It’s pretty hard to dispute the fact that dogs LOVE bones! That same old question “what do dogs eat in the wild” gives us insight into the fact that dogs are meat-eaters and bone-eaters too, along with some raw plant produce (see our April blog for more about healthy food for your dog).
But are bones good for dogs?
Yes! Bones are great for physical, dental and mental health of your dog!
Bones provide specific nutrients and minerals from animal tissue and mineral matter, which are less available from meat. Calcium and phosphorus are mostly provided by bones from beef, pork, lamb, chicken and turkey. These minerals are critical for your dog’s development and ongoing health. Marrow contained in bigger long bones is rich in fat and blood cells.
Bigger bones are great time-occupiers, mental stimulators, and boredom-relievers, especially if a dog is alone at home! If the bones are meaty with cartilage and soft tissue still attached, they are also great teeth-cleaners, breaking down tartar and keeping gums healthy. It is said that about 90% of adult dogs suffer from gum disease, so we can all do better here dog-lovers!
So which bones are best?
There are edible bones and recreational bones.
Edible bones are bones that you feed as part of the meal so they need to have meat on them. These are the bones of birds like chicken and duck wings, drumsticks, thighs, chicken frames, kangaroo tail and turkey necks, that are soft and may be easily chopped or crushed in a grinder.
When feeding these bones with meals, the recommended ratio is 10% bone. Usually, dogs will take time to chew or break raw bones into smaller pieces that are easily digested. If your dog gulps food quickly and may swallow bigger bony pieces, then stick with chicken necks, thighs, and wings.
The puppies at Ridgy Didge have free-range chicken drumsticks from 7-8 weeks, which they just love! However, they eat the meat and leave the bones as their little teeth are not yet strong enough.
Recreational bones are the bigger beef bones with marrow inside that keep the dog occupied over some time. These are not chewed up and swallowed for meals, but are gnawed at. It is recommended that you give your dog a recreational bone at least once each week.
Don’t give these bones to your puppy until they are 10 weeks old, about a week after the pup has come home and has settled in with a simple diet to start.
A loose rule-of thumb is bones should be about the size of your dog’s head. Brisket bones cut by the butcher are really great; not too big, and lots of variety of content, and are less likely to cause teeth breakage if the chewing is aggressive!
Should I give bone supplement?
If you feed your dog 10% edible bone in their meals, do not supplement with bonemeal.
If you feed your dog only boneless meat, you will need to supplement with a good quality bone replacement. But please do your homework, there are unpleasant facts you need to be aware of:
The ground bone industry supplies the pet food industry (for dry food and bone meal supplements), and the fertilizer/garden-supply industries, among others, so demand is high, and quality regulation is poor! There is much recycling of animal waste (dead animals including unwell or medicated), use of lowest quality leftover ingredients, and cheap abundant supply from countries like China where heavy metal content exceeds safe limits.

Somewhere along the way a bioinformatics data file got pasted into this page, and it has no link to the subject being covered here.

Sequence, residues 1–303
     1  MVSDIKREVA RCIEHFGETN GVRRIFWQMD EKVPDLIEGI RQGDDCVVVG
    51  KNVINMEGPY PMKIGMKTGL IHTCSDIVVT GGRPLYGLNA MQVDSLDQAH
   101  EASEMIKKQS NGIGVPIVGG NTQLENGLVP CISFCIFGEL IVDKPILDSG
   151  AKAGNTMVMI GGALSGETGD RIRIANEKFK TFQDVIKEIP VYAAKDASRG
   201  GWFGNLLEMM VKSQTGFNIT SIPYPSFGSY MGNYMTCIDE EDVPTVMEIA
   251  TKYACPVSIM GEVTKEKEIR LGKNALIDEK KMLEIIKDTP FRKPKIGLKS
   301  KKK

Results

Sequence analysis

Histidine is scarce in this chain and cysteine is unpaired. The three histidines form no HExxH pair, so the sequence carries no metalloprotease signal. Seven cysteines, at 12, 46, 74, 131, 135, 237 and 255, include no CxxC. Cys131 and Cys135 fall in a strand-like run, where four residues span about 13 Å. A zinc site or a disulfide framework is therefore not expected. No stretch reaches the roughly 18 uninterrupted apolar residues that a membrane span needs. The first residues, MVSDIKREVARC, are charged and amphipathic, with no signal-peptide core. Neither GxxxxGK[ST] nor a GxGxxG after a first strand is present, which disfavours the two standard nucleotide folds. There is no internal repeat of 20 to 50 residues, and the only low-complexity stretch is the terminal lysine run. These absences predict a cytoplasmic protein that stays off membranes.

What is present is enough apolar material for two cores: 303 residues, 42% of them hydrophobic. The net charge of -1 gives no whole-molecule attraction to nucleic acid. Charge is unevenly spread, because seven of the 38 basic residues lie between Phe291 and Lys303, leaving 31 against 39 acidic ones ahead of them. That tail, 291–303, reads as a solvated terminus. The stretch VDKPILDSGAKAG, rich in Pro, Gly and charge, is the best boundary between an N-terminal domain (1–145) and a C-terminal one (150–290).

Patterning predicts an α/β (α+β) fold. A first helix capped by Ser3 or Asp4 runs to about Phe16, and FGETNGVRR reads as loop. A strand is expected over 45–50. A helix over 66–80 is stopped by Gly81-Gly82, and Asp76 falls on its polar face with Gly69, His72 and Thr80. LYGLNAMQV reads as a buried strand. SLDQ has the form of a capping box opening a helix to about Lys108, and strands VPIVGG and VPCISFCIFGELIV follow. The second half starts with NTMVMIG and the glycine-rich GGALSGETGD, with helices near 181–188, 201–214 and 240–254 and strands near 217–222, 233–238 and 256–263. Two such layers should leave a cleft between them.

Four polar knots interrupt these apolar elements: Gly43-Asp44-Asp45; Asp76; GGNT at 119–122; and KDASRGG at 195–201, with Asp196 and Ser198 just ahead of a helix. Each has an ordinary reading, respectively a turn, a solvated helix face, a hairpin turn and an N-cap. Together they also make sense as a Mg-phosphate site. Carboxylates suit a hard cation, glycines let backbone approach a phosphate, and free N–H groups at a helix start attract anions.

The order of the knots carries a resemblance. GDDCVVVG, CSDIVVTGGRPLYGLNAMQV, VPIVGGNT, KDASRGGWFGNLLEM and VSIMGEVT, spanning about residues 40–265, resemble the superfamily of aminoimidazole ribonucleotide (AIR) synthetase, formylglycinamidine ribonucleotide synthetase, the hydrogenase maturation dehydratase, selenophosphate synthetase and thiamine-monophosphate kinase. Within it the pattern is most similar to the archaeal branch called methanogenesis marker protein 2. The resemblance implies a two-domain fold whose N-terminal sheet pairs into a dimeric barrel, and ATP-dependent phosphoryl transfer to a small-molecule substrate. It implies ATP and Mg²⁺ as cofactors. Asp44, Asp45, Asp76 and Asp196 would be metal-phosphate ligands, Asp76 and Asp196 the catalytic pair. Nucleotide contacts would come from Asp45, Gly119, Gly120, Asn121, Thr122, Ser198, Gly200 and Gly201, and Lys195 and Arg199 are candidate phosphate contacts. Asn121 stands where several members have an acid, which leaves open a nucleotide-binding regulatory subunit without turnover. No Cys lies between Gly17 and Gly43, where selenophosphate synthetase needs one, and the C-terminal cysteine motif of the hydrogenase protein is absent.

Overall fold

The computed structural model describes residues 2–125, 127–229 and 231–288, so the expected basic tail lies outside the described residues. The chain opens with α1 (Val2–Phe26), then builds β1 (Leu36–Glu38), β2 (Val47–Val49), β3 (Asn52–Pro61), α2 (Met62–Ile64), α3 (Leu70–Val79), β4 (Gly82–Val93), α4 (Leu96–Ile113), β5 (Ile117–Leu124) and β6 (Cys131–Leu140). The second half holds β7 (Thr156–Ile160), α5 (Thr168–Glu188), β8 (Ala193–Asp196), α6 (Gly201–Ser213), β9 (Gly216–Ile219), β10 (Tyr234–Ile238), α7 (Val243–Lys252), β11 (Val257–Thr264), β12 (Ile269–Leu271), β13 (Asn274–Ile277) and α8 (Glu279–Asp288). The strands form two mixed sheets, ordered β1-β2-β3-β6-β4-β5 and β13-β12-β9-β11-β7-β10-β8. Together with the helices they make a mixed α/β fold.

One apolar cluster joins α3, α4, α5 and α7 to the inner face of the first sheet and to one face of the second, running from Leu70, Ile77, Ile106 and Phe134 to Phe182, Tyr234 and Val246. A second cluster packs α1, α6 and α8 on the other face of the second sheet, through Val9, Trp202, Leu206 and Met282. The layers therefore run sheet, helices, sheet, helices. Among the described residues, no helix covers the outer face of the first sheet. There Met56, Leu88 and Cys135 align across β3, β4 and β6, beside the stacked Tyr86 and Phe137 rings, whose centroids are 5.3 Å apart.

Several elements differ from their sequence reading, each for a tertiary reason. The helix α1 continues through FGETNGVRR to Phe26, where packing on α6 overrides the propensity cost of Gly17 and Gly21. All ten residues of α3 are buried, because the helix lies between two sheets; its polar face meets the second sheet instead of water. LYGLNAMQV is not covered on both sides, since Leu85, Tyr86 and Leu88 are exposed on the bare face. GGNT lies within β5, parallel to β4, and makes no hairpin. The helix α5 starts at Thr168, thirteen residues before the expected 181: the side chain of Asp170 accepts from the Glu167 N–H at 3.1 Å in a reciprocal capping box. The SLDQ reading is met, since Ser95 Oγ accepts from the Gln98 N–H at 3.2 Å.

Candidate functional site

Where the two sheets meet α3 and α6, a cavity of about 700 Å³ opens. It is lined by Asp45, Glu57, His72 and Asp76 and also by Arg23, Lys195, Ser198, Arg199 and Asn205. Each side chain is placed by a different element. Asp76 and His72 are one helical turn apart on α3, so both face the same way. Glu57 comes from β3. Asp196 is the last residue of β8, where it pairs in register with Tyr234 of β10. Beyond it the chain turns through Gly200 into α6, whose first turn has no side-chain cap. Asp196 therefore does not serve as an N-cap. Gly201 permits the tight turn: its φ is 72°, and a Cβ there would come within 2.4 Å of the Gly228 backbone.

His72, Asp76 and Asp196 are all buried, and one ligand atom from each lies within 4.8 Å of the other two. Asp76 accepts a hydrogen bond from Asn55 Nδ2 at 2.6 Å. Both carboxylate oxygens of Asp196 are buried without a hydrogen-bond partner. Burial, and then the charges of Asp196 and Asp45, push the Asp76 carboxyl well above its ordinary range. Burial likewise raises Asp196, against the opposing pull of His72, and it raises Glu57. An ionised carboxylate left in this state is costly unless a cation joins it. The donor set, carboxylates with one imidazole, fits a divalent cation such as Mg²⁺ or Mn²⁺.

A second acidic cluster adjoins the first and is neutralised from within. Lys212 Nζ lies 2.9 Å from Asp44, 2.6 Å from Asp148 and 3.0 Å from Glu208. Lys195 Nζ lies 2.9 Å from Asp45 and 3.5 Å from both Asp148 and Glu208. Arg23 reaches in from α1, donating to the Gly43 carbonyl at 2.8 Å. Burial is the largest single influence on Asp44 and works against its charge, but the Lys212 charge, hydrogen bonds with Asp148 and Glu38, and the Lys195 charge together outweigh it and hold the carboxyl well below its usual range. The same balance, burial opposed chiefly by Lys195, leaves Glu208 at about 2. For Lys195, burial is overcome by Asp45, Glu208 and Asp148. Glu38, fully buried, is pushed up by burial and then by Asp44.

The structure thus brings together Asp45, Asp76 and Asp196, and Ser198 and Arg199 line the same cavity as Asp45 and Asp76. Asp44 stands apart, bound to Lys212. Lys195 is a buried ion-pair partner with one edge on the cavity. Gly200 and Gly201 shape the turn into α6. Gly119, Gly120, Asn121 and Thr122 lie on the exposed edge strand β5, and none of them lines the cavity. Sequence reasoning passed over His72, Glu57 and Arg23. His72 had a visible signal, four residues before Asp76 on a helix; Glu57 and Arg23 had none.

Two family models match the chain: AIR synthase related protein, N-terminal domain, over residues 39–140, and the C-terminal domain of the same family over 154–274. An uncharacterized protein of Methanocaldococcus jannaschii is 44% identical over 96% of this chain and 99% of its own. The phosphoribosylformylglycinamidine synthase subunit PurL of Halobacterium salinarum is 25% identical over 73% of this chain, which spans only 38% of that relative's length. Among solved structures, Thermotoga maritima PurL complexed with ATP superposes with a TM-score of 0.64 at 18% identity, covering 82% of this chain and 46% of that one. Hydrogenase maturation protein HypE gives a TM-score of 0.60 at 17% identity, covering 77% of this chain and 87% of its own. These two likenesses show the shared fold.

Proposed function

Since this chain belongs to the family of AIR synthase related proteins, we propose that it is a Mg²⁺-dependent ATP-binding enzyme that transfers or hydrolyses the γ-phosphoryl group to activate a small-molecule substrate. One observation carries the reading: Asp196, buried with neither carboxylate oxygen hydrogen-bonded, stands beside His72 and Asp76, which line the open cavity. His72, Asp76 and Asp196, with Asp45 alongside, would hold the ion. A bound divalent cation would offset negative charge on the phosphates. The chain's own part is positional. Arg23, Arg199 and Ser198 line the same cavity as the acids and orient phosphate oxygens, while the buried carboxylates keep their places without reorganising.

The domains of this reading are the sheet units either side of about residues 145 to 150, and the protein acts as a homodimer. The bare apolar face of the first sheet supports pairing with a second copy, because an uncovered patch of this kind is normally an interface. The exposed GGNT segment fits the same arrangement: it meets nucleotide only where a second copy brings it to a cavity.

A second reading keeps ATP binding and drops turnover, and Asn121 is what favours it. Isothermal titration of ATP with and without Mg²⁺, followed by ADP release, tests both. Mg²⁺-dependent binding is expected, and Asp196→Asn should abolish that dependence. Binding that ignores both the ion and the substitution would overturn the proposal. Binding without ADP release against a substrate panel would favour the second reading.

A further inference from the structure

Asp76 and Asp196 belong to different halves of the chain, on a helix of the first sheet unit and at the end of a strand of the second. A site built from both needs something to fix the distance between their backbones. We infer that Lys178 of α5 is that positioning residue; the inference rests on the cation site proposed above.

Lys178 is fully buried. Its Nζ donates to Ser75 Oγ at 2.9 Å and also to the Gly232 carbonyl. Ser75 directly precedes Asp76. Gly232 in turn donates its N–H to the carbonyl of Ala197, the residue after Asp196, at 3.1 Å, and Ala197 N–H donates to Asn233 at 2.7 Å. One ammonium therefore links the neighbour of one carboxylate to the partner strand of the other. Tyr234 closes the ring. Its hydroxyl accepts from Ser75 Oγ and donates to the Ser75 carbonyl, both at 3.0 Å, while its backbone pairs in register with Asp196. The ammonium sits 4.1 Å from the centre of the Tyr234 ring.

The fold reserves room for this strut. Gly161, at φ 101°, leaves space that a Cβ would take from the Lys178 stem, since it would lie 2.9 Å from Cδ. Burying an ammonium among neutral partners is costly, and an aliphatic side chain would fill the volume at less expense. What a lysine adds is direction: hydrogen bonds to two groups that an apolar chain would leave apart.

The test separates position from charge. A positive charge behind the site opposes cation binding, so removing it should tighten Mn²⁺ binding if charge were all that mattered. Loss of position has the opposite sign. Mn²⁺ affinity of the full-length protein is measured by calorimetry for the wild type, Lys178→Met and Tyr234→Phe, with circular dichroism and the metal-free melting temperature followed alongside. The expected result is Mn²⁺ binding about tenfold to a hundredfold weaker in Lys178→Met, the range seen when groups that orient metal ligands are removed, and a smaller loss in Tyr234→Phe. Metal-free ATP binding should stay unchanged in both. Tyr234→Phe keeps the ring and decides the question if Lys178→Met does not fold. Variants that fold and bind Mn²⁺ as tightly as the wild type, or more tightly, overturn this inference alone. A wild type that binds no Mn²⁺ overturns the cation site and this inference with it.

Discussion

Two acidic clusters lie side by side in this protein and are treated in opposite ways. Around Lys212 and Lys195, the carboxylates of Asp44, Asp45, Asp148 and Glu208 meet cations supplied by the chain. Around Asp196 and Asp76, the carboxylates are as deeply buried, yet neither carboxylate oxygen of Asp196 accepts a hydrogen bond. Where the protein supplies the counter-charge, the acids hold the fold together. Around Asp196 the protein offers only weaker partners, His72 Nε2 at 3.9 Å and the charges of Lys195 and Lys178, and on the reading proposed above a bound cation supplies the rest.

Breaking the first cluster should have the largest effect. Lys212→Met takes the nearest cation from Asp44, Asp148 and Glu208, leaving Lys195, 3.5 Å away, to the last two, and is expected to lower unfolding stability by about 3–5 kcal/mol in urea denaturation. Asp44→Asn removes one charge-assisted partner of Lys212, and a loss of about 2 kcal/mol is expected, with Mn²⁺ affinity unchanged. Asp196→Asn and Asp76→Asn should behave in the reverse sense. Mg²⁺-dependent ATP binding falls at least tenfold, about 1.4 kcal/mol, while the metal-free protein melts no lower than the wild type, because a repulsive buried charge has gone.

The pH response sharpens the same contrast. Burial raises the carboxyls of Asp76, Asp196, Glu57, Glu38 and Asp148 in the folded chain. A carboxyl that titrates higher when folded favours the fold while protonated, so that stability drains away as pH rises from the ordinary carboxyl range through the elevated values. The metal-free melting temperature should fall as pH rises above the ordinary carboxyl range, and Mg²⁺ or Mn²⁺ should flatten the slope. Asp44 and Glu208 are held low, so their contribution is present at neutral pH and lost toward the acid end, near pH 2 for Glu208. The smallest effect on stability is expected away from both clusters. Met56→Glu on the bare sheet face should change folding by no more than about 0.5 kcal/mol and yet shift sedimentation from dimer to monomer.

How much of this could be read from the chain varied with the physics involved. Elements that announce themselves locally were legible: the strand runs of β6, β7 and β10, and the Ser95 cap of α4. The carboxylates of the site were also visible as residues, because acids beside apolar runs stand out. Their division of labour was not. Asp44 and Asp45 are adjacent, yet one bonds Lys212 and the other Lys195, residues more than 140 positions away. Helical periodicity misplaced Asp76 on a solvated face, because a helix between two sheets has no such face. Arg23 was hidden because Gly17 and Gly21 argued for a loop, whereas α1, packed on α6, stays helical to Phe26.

There is a raw freeze-dried bone supplement called MCHA that is high quality and seems well-regulated. For bone-meal supplements, check that it is human grade edible bone meal, with the right calcium/phosphorus balance for your dog size and development. Also look for a heavy metal analysis to show that it is safe; reputable companies will have this as standard. Your butcher may be able to supply you with bone sawdust from his bone-saw bench.
Aren’t buried bones unhealthy?
Some dogs just love to bury bones. The putrid state of the resurrected bones may cause owners distress, so some dog-owners don’t give bones for this reason. But, resist the urge to take the bones away, before or after burial! Think back to the wild, where dogs naturally feed on abandoned and rotting carcasses! Their guts are equipped to deal with a great range of micro-organisms and that rotten bone will not make your dog sick; it’s more like a well-savoured, extra special reward!
It is worth mentioning that puppies that are regularly given bones don’t seem to bury bones so much when they are grown.
Any precautions around feeding bones?
There are some simple precautions to take around feeding bones.
- Too much bone in the diet over time will cause constipation.
- Never feed cooked bones of any type! Ever! Cooked bones can splinter and wreak havoc in the dogs gut, which means expensive vet bills or worse.
- Chicken necks have too much bone to meat ratio to satisfy your dog’s needs, and can be gulped down without much chewing. You can chop or grind them to add to more meat.
- Bones that are too small may be swallowed whole and are choking hazards.
- If your dog is a very aggressive chewer, the large recreation bones may lead to chipped or broken teeth. Be aware, and if this is likely or has happened, stick with the smaller brisket pieces.
- If you are giving bones to 2 dogs, make sure they have their own space to enjoy their bone at leisure, so there is no aggression or urgency to get rid of it quickly.
So, for a healthy and happy dog, make feeding bones part of your normal dog-care routine and watch your Cobberdog thrive!
If you would like to adopt a Ridgy Didge Australian Cobberdog, please read our Adopting a Puppy information, before you continue the adoption process. For more information, pm us on Facebook, or contact us at our website. Like and follow us on Facebook to keep up to date with ongoing puppy news and announcements.